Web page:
All of the Filming Locations You Can Visit From Season One of “The Lord of the Rings: The Rings of Power”
“The Lord of the Rings: The Rings of Power”— which cost $465 million to create — has quickly become a vast success, bringing in 25 million viewers on the day it premiered on Amazon Prime Video, earlier this month. The inaugural season was filmed solely in New Zealand, at countless scenic spots throughout the country. Below, find a list of the filming locations that you can visit for yourself.
The Hauraki Gulf — also known as Tīkapa Moana — consists of approximately 988,000 acres of land. Hauraki means “north wind” in Māori, while Tīkapa Moana means “the mournful sea.”
An ice wall at Wye Creek — which is only about 20 minutes by car from Queenstown, New Zealand — can be seen in “The Lord of the Rings: The Rings of Power.”
Tasman Glacier — aka Haupapa — is the largest glacier in New Zealand, at 14.6 miles long.
Aoraki / Mount Cook National Park
Located in the South Island of New Zealand, Aoraki / Mount Cook National Park is the country’s highest mountain, at 12,218 feet tall.
The region of Otago boasts 12,000 square miles and a population of 246,700, as of 2021.
Southland, as its name suggests, is New Zealand’s southernmost region. It spans upwards of 7.6 million acres.
Fiordland National Park
Fiordland National Park — which is also located in the South Island of New Zealand — is the largest of New Zealand’s 13 national parks, taking up 4,868 square miles.
Mount Earnslaw, or Pikirakatahi, is a 9,249-foot-high mountain that has also appeared in “The Lord of the Rings” films.
Mount Aspiring National Park
Situated in the Southern Alps of New Zealand’s South Island, Mount Aspiring National Park forms a portion of the Te Wahipounamu World Heritage site.
West Coast of Auckland
“The Lord of the Rings: The Rings of Power” enlisted the west coast of Auckland to act as the fictional Woodhill Forest, as well as a picturesque beach in the series. This particular part of the city is known for its surf beaches, including Te Henga, Muriwai, and Piha.
Putangirua Pinnacles, or the Pinnacles, has also appeared in “The Lord of the Rings: The Return of the King.”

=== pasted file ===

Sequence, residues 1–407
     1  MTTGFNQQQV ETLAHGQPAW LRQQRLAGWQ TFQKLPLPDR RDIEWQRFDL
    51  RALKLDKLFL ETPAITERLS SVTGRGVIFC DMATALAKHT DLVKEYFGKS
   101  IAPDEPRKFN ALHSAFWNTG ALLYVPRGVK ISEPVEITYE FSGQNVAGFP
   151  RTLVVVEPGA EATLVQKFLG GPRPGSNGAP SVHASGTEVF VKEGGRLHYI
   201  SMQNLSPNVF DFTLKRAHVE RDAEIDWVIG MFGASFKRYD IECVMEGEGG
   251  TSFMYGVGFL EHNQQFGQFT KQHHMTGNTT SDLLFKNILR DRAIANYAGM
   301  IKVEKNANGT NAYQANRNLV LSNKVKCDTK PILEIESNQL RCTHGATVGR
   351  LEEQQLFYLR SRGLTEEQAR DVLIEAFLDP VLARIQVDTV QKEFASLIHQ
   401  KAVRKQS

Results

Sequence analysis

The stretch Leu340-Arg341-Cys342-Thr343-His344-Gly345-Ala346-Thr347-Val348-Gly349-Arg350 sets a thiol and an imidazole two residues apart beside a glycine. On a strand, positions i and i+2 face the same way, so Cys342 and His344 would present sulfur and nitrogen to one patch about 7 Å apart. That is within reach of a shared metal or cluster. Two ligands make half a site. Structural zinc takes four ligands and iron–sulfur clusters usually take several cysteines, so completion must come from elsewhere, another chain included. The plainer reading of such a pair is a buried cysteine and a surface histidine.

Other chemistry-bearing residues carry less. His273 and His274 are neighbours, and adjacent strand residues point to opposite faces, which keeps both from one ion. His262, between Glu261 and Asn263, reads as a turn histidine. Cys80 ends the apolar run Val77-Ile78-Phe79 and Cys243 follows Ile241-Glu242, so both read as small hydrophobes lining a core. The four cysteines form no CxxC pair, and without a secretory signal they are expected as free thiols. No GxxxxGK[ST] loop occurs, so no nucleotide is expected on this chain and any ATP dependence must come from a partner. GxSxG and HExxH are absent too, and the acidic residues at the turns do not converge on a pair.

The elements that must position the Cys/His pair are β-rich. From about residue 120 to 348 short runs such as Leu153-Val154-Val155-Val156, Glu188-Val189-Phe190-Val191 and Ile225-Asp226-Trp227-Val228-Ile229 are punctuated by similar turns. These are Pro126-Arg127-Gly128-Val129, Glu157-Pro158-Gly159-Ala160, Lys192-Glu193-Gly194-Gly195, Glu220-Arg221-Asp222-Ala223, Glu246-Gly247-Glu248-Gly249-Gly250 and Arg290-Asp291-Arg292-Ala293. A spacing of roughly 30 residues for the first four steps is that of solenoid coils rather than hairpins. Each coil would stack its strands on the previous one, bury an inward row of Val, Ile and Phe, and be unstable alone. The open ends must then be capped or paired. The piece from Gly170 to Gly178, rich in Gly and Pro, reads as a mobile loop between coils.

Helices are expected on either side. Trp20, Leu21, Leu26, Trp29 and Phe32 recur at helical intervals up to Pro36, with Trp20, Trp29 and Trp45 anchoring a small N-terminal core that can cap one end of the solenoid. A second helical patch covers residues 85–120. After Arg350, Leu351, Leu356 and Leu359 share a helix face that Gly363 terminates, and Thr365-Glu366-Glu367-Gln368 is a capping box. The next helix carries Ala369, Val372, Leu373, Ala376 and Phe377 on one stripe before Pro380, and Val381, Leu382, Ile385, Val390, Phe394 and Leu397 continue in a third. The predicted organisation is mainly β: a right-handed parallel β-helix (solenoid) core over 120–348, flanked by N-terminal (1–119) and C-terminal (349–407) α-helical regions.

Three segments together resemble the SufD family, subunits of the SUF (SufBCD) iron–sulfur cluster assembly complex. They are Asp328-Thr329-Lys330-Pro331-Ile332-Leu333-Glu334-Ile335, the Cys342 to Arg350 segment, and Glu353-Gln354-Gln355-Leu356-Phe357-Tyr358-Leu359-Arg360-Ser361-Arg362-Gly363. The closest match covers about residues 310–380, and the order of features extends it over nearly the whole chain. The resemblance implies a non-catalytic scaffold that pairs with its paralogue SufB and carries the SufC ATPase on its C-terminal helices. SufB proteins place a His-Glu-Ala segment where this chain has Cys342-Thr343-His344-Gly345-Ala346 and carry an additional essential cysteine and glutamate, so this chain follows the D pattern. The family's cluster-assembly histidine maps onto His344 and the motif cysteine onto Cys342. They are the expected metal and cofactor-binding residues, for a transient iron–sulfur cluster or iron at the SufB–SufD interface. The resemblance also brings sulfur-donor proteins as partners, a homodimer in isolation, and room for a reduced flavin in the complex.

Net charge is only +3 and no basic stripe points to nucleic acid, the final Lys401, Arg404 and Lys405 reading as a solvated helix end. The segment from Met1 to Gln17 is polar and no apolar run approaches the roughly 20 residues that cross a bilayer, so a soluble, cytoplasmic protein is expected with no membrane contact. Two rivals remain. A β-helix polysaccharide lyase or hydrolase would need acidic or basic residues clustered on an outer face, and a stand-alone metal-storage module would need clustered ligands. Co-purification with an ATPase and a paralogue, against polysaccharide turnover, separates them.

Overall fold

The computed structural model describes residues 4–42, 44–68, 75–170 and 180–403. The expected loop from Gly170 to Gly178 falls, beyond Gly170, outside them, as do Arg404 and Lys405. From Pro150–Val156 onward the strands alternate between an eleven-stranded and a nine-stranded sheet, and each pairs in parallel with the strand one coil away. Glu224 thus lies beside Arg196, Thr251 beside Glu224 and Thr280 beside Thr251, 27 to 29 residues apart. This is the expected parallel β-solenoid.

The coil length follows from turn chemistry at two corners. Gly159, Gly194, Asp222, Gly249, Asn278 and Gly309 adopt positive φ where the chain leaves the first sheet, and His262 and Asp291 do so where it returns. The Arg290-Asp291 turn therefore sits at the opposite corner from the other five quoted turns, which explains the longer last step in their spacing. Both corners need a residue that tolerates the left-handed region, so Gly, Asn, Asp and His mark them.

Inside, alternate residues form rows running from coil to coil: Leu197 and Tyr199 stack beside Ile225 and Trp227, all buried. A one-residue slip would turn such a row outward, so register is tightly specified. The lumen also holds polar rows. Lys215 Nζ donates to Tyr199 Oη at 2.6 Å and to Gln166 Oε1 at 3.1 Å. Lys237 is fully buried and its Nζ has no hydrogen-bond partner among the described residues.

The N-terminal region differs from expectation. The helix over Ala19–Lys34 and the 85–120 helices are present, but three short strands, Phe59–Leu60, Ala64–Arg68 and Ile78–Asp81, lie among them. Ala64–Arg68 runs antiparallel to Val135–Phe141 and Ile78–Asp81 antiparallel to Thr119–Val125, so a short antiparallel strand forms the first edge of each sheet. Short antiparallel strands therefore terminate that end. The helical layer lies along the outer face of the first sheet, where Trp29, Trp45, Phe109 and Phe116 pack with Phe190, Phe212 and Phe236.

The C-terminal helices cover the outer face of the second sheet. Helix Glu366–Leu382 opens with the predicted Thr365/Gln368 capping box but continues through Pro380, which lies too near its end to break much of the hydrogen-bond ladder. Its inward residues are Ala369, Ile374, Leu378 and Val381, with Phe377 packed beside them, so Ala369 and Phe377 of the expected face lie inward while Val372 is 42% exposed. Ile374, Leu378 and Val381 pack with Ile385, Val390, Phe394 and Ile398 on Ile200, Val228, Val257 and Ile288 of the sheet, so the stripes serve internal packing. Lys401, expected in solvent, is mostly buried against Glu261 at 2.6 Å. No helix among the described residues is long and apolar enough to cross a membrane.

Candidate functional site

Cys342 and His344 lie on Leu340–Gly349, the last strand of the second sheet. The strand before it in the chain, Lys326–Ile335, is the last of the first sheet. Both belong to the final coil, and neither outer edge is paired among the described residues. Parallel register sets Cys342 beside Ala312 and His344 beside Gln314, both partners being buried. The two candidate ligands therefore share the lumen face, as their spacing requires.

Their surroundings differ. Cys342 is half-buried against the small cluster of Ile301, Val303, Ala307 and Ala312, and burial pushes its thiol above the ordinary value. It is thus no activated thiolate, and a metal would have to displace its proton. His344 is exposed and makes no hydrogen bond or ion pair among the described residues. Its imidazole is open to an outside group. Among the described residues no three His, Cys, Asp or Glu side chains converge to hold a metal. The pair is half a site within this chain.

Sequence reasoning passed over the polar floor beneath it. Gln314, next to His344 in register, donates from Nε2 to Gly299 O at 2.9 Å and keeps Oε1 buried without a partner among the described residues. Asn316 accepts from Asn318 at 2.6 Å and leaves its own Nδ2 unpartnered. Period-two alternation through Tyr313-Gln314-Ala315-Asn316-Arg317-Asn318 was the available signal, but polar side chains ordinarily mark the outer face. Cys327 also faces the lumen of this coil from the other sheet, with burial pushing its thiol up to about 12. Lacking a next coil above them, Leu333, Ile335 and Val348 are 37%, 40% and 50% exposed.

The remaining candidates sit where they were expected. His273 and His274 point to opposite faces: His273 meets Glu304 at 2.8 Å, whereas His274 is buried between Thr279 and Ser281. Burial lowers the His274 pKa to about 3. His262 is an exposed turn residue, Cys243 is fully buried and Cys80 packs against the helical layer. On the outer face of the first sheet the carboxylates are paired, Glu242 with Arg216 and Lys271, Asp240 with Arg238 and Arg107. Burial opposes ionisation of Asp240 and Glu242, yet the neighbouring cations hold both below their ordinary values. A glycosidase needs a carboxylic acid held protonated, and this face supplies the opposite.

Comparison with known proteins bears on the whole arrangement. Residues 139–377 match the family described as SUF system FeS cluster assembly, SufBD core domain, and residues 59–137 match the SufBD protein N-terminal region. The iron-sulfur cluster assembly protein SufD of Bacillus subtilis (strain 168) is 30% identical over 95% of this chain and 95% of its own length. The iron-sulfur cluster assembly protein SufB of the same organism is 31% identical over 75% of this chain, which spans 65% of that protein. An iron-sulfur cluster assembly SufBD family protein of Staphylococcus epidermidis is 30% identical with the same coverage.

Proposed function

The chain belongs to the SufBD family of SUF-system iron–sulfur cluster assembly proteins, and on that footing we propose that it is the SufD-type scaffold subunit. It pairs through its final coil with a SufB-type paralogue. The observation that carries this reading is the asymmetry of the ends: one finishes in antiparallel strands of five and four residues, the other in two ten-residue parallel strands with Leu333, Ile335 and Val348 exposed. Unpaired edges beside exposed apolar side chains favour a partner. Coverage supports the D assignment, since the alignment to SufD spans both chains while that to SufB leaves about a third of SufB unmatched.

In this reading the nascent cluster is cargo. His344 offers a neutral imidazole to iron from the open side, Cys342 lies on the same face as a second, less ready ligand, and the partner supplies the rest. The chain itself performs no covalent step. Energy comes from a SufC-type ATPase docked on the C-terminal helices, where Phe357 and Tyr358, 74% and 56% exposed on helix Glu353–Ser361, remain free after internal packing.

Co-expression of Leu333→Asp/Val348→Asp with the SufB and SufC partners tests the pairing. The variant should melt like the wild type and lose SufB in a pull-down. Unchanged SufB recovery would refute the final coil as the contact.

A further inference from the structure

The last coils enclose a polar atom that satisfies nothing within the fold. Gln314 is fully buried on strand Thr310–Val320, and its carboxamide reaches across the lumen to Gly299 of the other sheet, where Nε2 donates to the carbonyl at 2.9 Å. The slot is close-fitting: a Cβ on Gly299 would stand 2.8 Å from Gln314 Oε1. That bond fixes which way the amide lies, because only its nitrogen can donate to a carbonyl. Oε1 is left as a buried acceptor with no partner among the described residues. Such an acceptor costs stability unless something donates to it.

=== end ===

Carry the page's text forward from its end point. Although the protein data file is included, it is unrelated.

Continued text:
Located on the southern part of New Zealand’s North Island, Palliser Bay is nearly 25 miles long.
The Wairarapa region is named after Lake Wairarapa and is situated in the southeastern corner of New Zealand’s North Island.
Spanning 53 miles, the Coromandel Peninsula was named after the HMS Coromandel — originally known as HMS Malabark — which was a British Royal Navy ship that stopped at Coromandel Harbor in 1820, with the purpose of buying spars made from kauri trees.
Located in the lower portion of New Zealand’s North Island, the Manawatū River is 110 miles long.
Formed in 1992, New Zealand’s Tasman District encompasses more than 3,700 square miles and is situated in the northwest of the South Island.
Kahurangi National Park
Kahurangi National Park is New Zealand’s second largest national park, consisting of 1,749 square miles.
The Rangipo Desert (or Te Onetapu) receives anywhere from 59 to 98 inches of rainfall every year.
Formerly known as Dunstan Creek, St Bathans was once a gold and coal mining town and is now a vacation hotspot, given the many historic buildings that have been preserved in the area, such as the Vulcan Hotel.
The Northland Region
Much like its name suggests, the Northland Region is the northernmost part of New Zealand. It boasts a mild climate and is known as the Winterless North because of this.
Located in the western part of the North Island, Taranaki is named after Mount Taranaki, a composite volcano that the area is best known for.
Queenstown — another tourist hotspot on this list — is located in Otago and boasts a population of 15,450.
Great Barrier Island
Great Barrier Island is New Zealand’s sixth-largest island, boasting a grand total of 110 square miles.